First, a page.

You may find it helpful to read some books or look at websites that explain certain breathing patterns to try. In a pinch, though, just breathing slowly and deeply should be enough to help you make progress.

7. Stick To The Highways When Possible

Speaking generally, car sickness is exacerbated when vehicles travel on curvy roads or stop and start frequently. If possible, plan ahead and do research to find ways you can stay on the highway as much as possible.

Compared to another option like a country road or city street, a major highway is more likely to be flat, smooth and kept in good repair. All of those factors could mean you’re not as likely to feel ill.

8. Don’t Get Distracted By Gadgets

Tablets, MP3 players and smartphones may all seem like good ways to take your mind off your symptoms, but they should only be used with caution. If you spend too much time focused on gadget screens, you may feel worse.

If you really need some sort of entertainment to keep from feeling bored, listen to an audiobook or choose one radio station to enjoy rather than flipping through stations or CD tracks.

9. Try Using A Motion Sickness Wristband

Specialty retailers often sell special wristbands that claim to alleviate the nausea caused by riding in cars or being out on the water. They apply pressure to a certain part of your forearm.

Although the results people experience vary greatly, these accessories are usually cheap to buy, and they aren’t painful. With those things in mind, you may feel it’s worth at least experimenting with one to see if it works for you.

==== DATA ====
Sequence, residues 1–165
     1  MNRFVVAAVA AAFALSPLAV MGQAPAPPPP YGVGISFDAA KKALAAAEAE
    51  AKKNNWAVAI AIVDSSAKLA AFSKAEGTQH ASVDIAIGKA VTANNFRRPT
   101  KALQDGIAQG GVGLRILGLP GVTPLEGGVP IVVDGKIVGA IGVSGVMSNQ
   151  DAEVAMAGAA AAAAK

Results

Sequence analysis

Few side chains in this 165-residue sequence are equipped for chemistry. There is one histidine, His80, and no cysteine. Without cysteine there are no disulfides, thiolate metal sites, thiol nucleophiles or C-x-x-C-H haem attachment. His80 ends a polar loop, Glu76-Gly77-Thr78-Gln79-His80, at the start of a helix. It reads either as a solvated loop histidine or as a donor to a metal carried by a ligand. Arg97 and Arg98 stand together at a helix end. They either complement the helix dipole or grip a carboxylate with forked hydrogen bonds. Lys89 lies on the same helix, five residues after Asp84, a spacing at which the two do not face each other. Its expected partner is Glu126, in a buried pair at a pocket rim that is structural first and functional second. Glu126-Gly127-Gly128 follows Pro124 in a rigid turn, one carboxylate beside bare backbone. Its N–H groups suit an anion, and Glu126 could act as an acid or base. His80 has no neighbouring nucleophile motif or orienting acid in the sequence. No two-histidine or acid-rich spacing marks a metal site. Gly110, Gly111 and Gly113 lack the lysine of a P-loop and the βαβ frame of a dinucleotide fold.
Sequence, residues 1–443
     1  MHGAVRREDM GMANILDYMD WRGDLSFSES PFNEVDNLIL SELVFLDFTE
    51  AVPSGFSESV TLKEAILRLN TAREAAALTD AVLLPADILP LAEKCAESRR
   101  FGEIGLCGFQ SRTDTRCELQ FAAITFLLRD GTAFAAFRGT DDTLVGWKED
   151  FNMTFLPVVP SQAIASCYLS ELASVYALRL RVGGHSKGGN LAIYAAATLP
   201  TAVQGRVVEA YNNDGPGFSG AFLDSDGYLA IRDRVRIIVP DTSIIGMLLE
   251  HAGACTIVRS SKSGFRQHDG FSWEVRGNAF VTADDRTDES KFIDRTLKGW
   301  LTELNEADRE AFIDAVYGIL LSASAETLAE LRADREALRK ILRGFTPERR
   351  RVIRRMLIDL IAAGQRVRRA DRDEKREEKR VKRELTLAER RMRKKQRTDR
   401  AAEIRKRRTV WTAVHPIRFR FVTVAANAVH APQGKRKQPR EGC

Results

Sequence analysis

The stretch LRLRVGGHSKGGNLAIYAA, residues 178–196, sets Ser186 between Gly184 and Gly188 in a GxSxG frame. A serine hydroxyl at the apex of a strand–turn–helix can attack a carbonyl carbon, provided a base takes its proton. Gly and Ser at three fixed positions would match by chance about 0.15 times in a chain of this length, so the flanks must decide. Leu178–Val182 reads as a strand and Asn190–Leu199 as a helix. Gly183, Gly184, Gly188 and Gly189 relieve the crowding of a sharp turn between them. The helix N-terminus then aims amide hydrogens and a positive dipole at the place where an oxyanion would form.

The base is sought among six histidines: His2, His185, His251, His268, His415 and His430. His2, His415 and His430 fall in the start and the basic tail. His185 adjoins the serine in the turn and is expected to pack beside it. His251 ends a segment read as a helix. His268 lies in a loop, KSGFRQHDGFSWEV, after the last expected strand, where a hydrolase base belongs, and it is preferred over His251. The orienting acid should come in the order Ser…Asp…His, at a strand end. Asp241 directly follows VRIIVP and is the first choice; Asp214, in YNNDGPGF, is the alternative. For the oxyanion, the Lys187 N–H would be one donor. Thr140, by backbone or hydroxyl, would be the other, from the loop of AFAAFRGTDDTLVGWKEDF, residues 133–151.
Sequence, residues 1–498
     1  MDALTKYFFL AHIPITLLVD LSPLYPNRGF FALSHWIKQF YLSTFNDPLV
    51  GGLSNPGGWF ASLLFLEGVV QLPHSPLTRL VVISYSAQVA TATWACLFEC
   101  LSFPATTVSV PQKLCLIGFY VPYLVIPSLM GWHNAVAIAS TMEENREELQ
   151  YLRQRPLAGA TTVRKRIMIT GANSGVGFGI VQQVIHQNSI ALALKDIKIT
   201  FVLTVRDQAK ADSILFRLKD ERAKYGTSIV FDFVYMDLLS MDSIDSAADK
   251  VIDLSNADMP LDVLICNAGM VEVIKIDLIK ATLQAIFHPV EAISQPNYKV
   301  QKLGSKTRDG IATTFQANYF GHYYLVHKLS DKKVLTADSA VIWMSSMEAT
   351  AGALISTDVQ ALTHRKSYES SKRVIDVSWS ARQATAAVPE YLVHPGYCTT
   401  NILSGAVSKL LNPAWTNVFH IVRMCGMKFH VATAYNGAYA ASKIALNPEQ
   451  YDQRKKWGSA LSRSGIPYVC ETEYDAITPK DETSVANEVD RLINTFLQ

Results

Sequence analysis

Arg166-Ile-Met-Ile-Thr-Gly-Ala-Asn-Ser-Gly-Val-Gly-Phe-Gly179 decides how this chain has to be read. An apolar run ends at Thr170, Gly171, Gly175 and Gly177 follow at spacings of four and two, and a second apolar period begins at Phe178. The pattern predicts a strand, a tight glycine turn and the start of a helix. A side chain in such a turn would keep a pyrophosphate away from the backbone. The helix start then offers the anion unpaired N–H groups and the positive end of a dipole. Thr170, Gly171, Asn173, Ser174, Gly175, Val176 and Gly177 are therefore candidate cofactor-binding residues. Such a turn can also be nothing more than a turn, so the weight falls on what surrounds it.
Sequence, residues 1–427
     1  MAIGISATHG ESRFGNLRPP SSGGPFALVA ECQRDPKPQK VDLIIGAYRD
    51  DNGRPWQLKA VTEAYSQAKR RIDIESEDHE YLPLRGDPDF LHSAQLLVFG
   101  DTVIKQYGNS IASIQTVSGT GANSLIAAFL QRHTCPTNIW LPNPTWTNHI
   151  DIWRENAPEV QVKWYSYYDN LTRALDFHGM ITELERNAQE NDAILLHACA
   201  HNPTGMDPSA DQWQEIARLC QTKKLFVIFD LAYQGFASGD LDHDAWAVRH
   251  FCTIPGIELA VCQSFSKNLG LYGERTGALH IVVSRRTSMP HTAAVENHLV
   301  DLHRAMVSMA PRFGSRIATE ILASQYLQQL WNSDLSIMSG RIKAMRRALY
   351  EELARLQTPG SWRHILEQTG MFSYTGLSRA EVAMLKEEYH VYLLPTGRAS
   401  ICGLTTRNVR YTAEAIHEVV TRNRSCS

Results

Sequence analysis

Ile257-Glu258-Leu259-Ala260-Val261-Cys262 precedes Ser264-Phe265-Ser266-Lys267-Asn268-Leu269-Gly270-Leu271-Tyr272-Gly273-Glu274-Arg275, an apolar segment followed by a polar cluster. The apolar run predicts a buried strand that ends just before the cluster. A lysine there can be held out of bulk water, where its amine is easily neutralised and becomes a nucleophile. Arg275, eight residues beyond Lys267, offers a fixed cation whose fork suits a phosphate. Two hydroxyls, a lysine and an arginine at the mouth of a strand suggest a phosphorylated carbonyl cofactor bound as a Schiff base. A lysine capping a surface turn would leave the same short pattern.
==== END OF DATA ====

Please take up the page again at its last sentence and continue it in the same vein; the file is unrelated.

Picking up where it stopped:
10. Take Breaks Often

Become as in tune with your symptoms as possible and listen to what your body is saying. Initially, it may seem counter-intuitive to stop for breaks rather than trying to tolerate your discomfort by pushing through. However, if you avoid taking breaks and ignore when symptoms get worse, you might end up vomiting in the car or feeling so ill that you can’t enjoy your destination after arriving.

If you try all, or at least most, of these tips and find your symptoms are still unbearable, talk to your doctor and see if they could prescribe a pharmacological solution such as an anti-nausea aid.

Pin ItFurthermore, if you find you’re only car sick during certain journeys and not every time you get in the car, it’s smart to try to keep a diary (get a friend to help with the documentation if you’re too ill to do it yourself) that gives details about what was happening when you were at your sickest points. Once those troublesome factors are uncovered, it should theoretically be easier to avoid them.

No matter what, try not to feel too discouraged by the fact that you get sick in the car. This is a problem that people commonly experience, so you’re certainly not alone. Furthermore, as the list above demonstrates, there are several ways to manage the symptoms so they don’t ruin your transportation plans and even more that aren’t mentioned here.

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Katherine Hurst
By Shauna Walker
Personal trainer, fitness coach and wellness expert for over twenty years. Shauna is able to connect personally with her clients because I faced my own wellness challenges at a young age. She started her personal journey towards feeling fit and healthy twenty years ago, and has never looked back. Once struggling with her weight, she also had confidence issues and found it hard to stick with diet and exercise. Shauna managed to break free of this struggle, and now wants to give back and share the lessons she has learned.